Posted by on May 21, 2013 in Blog
By: Abdulaziz A. Al-Alami
The Center for American Progress, along with the Brennan Center for Justice, recently held a discussion on new bills emerging from different states that aim to ban the implementation of international and foreign law in U.S. courts. The discussion was a follow-up to a report released earlier by the Center for American Progress that described the shift in focus, at least on paper, from the earlier explicit attempts to ban Sharia law to more recent attempts to ban international and foreign law.
In 2010, Oklahoma voters approved the “Save Our State referendum”, a ballot initiative that banned the use of Sharia Law in the state’s courts through a constitutional amendment. The measure was challenged by Muneer Awad, a Muslim American who felt prejudiced by the initiative. Awad sued in the case Muneer Awad v. Ziraxis, et al. and won, causing the initiative to be struck down by the 10th circuit court of appeals as unconstitutional, affirming the lower court decision. The rights of the voters were important but could not overcome constitutional protections of the Establishment Clause of the First Amendment.
As a consequence, the backers of this initiative altered the scope of their initiative to remove any specific religious wording (Ex. Sharia) in order to pass muster and not be subject to the strict scrutiny of the Supreme Court for discriminating against people of a certain faith, and to instead call for a ban on the use of foreign and international law.
At least 32 states have now introduced bans on foreign and international law. Arizona, Kansas, Louisiana, Oklahoma, South Dakota and Tennessee have enacted such bills. Such legislation goes against a long-standing practice of U.S. courts to incorporate international law, as per the historic decision in Paquete Habana where the Supreme Court declared that “…international law is part of our law.” The U.S. constitution itself also seems to back this idea by stating that international treaties become the supreme law of the land by virtue of the supremacy clause, meaning that a treaty takes precedence over an act of Congress if it is ratified.
Earlier this month in Florida, an anti-Sharia bill passed in the House, but was one vote short of receiving the two-thirds vote necessary in the Senate to get it out of committee and to the floor for a vote.
Last week, a North Carolina bill that would forbid judges from applying foreign law passed the House after much debate. The backers of the bill, which is meant to prevent the application of Sharia law, argued that Sharia law was used in other states, and they argued that the bill would prevent any constitutional violations in domestic cases and child custody cases. The opponents of the bill argued that these protections already exist in the Constitution.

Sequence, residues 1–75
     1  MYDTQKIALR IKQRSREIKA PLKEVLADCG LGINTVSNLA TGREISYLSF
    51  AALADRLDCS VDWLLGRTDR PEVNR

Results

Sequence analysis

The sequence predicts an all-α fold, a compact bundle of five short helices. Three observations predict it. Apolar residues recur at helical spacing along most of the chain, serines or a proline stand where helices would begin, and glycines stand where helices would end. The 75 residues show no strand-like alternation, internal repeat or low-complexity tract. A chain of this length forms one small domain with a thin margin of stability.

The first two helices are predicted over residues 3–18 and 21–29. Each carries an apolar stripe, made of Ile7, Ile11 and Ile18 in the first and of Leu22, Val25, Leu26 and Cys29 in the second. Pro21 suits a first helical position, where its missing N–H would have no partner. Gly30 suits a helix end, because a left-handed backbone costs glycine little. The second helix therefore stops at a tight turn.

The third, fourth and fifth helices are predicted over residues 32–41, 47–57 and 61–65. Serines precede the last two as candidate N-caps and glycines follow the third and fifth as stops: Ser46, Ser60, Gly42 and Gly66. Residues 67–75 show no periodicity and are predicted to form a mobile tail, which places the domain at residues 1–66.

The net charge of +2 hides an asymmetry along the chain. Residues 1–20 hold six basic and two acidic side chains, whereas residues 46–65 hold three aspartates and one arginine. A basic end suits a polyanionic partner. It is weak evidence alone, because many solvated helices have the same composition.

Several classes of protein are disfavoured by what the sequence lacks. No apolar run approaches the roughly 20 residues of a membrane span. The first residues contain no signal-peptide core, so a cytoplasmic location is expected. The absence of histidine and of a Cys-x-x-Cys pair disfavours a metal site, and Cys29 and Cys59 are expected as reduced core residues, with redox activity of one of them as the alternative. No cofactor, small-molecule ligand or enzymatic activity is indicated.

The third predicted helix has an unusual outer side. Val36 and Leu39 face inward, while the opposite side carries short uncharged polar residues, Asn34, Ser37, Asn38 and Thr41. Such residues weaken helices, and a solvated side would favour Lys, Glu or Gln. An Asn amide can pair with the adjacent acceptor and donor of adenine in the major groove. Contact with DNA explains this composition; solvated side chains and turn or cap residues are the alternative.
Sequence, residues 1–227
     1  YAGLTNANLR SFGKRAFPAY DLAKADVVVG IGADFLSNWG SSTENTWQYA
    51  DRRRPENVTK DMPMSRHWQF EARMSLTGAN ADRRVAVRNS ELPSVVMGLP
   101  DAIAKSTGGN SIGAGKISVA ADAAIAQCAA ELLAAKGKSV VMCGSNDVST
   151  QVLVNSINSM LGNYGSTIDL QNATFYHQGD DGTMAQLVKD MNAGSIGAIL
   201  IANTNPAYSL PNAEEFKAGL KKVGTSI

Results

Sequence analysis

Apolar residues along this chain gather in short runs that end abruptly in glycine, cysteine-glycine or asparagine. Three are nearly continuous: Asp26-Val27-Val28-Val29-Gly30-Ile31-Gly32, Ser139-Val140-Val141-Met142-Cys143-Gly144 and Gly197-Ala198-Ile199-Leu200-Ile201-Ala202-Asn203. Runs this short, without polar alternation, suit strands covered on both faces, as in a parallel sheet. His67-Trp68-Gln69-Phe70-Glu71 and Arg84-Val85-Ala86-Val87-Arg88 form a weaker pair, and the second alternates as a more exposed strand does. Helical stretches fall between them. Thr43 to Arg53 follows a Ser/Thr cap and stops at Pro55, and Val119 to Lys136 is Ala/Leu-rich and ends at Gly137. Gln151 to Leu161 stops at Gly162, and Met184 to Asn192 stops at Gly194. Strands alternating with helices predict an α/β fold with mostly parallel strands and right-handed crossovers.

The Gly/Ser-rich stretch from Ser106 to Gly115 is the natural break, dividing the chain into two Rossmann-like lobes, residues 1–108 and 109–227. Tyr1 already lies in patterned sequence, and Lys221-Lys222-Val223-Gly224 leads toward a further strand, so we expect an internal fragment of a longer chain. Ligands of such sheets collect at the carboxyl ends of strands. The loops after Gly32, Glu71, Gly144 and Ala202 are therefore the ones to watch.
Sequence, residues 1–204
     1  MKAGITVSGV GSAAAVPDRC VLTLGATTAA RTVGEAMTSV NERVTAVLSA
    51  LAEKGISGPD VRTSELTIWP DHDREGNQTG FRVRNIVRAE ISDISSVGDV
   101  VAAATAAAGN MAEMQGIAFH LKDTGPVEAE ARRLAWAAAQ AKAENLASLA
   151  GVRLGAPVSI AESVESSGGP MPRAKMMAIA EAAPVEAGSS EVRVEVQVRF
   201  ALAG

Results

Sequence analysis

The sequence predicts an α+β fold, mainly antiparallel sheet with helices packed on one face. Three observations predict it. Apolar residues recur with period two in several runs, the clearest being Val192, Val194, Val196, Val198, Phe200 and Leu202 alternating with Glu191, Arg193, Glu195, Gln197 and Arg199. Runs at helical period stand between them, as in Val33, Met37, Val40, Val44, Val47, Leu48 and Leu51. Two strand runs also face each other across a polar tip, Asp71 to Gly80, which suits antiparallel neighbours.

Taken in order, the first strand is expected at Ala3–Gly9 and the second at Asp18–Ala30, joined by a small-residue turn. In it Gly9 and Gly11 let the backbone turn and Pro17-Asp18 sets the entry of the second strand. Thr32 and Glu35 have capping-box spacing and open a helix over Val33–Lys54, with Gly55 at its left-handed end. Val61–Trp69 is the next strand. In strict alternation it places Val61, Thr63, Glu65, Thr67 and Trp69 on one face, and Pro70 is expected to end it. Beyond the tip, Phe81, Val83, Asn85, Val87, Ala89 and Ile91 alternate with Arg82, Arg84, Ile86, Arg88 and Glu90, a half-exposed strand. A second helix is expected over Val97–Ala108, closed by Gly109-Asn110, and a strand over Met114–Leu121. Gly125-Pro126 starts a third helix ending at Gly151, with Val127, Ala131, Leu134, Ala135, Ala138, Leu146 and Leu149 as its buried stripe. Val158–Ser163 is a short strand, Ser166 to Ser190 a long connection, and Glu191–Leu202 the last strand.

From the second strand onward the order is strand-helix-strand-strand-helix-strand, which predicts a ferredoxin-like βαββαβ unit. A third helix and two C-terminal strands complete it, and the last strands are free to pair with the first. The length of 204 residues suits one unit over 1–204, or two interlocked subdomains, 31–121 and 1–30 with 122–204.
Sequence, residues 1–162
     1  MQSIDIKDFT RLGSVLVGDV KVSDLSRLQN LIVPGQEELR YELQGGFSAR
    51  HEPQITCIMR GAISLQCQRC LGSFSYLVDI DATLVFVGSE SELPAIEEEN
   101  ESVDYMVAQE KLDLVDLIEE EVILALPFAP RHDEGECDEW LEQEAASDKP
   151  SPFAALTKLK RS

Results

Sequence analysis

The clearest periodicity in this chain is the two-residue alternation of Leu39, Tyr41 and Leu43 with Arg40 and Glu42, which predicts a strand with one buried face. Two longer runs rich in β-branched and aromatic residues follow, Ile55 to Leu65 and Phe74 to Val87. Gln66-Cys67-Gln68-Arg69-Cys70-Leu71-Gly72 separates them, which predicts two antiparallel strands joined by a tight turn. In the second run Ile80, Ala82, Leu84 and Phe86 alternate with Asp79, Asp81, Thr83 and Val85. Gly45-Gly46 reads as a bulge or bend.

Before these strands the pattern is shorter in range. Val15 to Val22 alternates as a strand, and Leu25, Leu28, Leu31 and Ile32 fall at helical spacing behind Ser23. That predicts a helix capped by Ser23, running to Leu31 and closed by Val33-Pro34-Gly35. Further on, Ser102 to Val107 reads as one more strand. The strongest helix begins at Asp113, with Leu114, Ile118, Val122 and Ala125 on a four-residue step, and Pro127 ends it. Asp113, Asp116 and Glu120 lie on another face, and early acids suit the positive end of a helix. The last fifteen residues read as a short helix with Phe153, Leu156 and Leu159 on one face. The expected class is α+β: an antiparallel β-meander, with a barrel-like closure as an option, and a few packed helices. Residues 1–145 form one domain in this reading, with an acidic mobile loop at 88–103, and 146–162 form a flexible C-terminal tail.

The Brennan Center found that the bans could very well create new problems. For example, some of the laws would require judges to reject judgments that do not protect rights in the same way the U.S. does. For example, a jury trial is standard in some instances in the US, but nearly unheard of in other countries. Lawmakers may inadvertently complicate such situations.
The bans could also cause disruptions in family life if religious or foreign law decrees are not honored in the U.S. Bans could frustrate religious arbitrations and thwart choice of law in litigation and arbitration. There are also difficulties with enforcing monetary judgments and arbitral awards when a judgment is obtained in another country that does not protect due process in the way the U.S. does.
The laws banning the use of foreign law also violate the separation of powers as legal sourcing is historically left to the judiciary and not the legislature. Some of the bans may cover international law, which historically is the law of the land under the supremacy clause and as declared in Paquete Habana.
The issue is far from over and will continue to spur debate. You can view the filmed discussion sponsored by the Brennan Center for Justice and the Center for American Progress here, an introduction and summary of the report here and the full report here.comments powered by Disqus